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Trump is #2 in GOP Field - Page 143

post #2131 of 8792
Quote:
Originally Posted by suited View Post

What can you say about illegal immigration (and certainly legal immigration) that won't be labeled disparaging and racist?

That you're for more of it?
post #2132 of 8792
Quote:
Originally Posted by wojt View Post

this is me 7 out of 7 on this list

stilll can't indentify with the left because of immigration issues, feminism and free speech/SJWism
left has gone insane

immigration is THE issue

It's not a coincidence that my children look like me. It's not a coincidence that the America founded by Englishmen was a lot like England. And it's not a coincidence that the more people we incorporate from Latin America, the more our nation starts to resemble Latin America, i.e. economic inequality, low trust, corruption, social and economic instability. It's only going to get worse if we don't do something about it.
post #2133 of 8792
Quote:
Originally Posted by munchausen View Post

immigration is THE issue

It's not a coincidence that my children look like me. It's not a coincidence that the America founded by Englishmen was a lot like England. And it's not a coincidence that the more people we incorporate from Latin America, the more our nation starts to resemble Latin America, i.e. economic inequality, low trust, corruption, social and economic instability. It's only going to get worse if we don't do something about it.

Wow, this is really a concentrated, pure, distilled form of stupidity. Frankly, I'm impressed.
post #2134 of 8792
Quote:
Originally Posted by erictheobscure View Post

Wow, this is really a concentrated, pure, distilled form of stupidity. Frankly, I'm impressed.

I've seen a lot of your posts and yet never one where you had anything to say.
post #2135 of 8792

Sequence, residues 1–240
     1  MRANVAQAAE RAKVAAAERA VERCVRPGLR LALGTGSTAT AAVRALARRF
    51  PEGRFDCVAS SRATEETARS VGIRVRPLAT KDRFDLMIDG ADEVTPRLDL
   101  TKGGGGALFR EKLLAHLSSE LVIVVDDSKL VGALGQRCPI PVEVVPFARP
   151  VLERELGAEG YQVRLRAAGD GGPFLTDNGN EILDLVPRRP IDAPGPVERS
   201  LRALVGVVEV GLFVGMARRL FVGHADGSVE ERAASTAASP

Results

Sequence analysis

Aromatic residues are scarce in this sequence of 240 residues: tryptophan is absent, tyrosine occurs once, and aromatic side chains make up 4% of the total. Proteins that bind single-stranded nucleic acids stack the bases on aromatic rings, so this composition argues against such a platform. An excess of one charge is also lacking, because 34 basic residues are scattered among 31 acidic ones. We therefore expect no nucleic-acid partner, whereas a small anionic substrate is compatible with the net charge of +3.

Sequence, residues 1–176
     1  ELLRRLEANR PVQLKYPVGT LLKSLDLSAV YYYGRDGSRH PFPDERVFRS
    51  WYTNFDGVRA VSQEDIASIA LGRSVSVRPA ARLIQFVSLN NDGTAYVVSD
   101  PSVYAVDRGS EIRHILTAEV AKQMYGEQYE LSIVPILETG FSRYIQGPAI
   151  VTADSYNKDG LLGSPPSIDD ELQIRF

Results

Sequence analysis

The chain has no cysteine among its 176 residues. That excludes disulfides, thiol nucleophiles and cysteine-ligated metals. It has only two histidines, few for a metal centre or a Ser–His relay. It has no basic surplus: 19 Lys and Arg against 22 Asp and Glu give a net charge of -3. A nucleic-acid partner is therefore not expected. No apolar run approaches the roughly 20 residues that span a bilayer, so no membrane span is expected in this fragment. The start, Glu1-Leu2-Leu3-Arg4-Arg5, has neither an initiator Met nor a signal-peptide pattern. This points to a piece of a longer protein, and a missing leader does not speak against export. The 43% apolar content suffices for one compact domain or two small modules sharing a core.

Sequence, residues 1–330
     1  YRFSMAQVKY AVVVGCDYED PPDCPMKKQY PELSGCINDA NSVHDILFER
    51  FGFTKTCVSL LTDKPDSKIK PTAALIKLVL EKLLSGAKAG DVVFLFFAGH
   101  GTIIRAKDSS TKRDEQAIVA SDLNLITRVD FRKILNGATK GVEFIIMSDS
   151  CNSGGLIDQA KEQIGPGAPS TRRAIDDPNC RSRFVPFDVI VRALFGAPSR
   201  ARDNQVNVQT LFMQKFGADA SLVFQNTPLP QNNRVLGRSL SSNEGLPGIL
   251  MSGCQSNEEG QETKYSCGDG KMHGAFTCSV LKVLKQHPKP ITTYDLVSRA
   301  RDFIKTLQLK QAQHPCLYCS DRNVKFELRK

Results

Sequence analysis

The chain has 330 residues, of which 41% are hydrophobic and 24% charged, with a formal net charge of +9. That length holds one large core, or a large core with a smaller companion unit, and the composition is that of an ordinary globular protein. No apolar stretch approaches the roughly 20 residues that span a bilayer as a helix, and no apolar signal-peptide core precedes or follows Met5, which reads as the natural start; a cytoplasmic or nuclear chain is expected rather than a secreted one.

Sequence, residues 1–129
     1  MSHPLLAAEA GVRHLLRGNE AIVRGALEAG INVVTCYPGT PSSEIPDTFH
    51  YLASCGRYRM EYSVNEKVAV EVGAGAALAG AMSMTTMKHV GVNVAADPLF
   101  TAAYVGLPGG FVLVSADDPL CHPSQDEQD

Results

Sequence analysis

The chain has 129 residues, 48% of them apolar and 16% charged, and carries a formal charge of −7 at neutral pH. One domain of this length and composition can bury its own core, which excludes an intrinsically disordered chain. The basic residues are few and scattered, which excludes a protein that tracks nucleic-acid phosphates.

This forum really needs an "I disagree!" button.
post #2136 of 8792
Okay, then, here's something:

Yes, the English colonists in America wanted to take part in the vision of importing a homeland to a new place. This is an imperial vision partly informed by a Virgilian narrative but also filtered, of course, through a biblical/typological view. And, at the more practical level, sure English settlers brought with them a range of English political & cultural habits. But in the very place called New England, the settlers were mostly trying something new--something that was breaking away from existing English practices exactly at the time that England itself was experiencing religious & political upheaval. (I should confess I study the English side of this 17th-century history and am not nearly as conversant with the American side). But even this narrative of partial continuity and partial rupture is too narrowly focused on New England--in the South, colonists had (very roughy speaking) a different set of reasons for settling and colonizing. And the history of "forced immigration" in the South reveals a particular way that America would be very unlike England. Even if the American plantations had practical and imaginative links to English agrarian/labor practices (and they did), the predominance and persistence of chattel slavery in America gave way to different practices as well as cultural mixing (duh: Southern food would become nothing like English food).

But even more than the question of where is the question of when--when do you imagine this mythic time when the American colonies were really a so much like England? Because things in the Americas were pretty mixed up, full of Dutch and French peoples and influences that we're still familiar with. I'm guessing that you're implicitly bracketing off some span of imagined time when, no, the Dutch had largely given up in the Northern colonies, etc.., and so America was just like England? But I'm not even inclined to be so generous as to think that there is some definition that would make your rosy view of English America make sense. Shit was mixed up here in way that's different from the way shit was mixed up in England, and no amount of mutatis mutandis is going to make your glib non-argument-by-fiat make sense.

For the sake of brevity: that Latin America tripe is just racist horseshit. Clearly, the American economic/political system collapsed when the Irish came. Or maybe the Italians. Or maybe Jewish emigrés. I mean, everything was great before that--in that mythic time when everything was great and English.
Edited by erictheobscure - 4/7/16 at 2:19pm
post #2137 of 8792